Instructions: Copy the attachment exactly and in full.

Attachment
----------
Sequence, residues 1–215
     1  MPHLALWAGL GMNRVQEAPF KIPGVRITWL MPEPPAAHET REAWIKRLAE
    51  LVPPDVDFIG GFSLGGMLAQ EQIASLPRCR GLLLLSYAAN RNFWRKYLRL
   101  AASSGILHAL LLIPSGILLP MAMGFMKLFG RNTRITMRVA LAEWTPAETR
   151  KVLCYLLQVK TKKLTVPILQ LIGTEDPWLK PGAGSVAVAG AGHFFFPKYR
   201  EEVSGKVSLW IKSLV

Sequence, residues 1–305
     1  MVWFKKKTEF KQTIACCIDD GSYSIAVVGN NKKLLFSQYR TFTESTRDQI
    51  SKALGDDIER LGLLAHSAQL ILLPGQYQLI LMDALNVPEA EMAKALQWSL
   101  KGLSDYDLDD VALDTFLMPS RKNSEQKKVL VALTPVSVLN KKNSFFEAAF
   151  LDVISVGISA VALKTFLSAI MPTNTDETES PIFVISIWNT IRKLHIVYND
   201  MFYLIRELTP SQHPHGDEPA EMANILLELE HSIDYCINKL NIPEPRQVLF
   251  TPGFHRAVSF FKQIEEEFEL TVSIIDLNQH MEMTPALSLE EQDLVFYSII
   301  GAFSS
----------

Sequence, residues 1–215
     1  MPHLALWAGL GMNRVQEAPF KIPGVRITWL MPEPPAAHET REAWIKRLAE
    51  LVPPDVDFIG GFSLGGMLAQ EQIASLPRCR GLLLLSYAAN RNFWRKYLRL
   101  AASSGILHAL LLIPSGILLP MAMGFMKLFG RNTRITMRVA LAEWTPAETR
   151  KVLCYLLQVK TKKLTVPILQ LIGTEDPWLK PGAGSVAVAG AGHFFFPKYR
   201  EEVSGKVSLW IKSLV

Sequence, residues 1–305
     1  MVWFKKKTEF KQTIACCIDD GSYSIAVVGN NKKLLFSQYR TFTESTRDQI
    51  SKALGDDIER LGLLAHSAQL ILLPGQYQLI LMDALNVPEA EMAKALQWSL
   101  KGLSDYDLDD VALDTFLMPS RKNSEQKKVL VALTPVSVLN KKNSFFEAAF
   151  LDVISVGISA VALKTFLSAI MPTNTDETES PIFVISIWNT IRKLHIVYND
   201  MFYLIRELTP SQHPHGDEPA EMANILLELE HSIDYCINKL NIPEPRQVLF
   251  TPGFHRAVSF FKQIEEEFEL TVSIIDLNQH MEMTPALSLE EQDLVFYSII
   301  GAFSS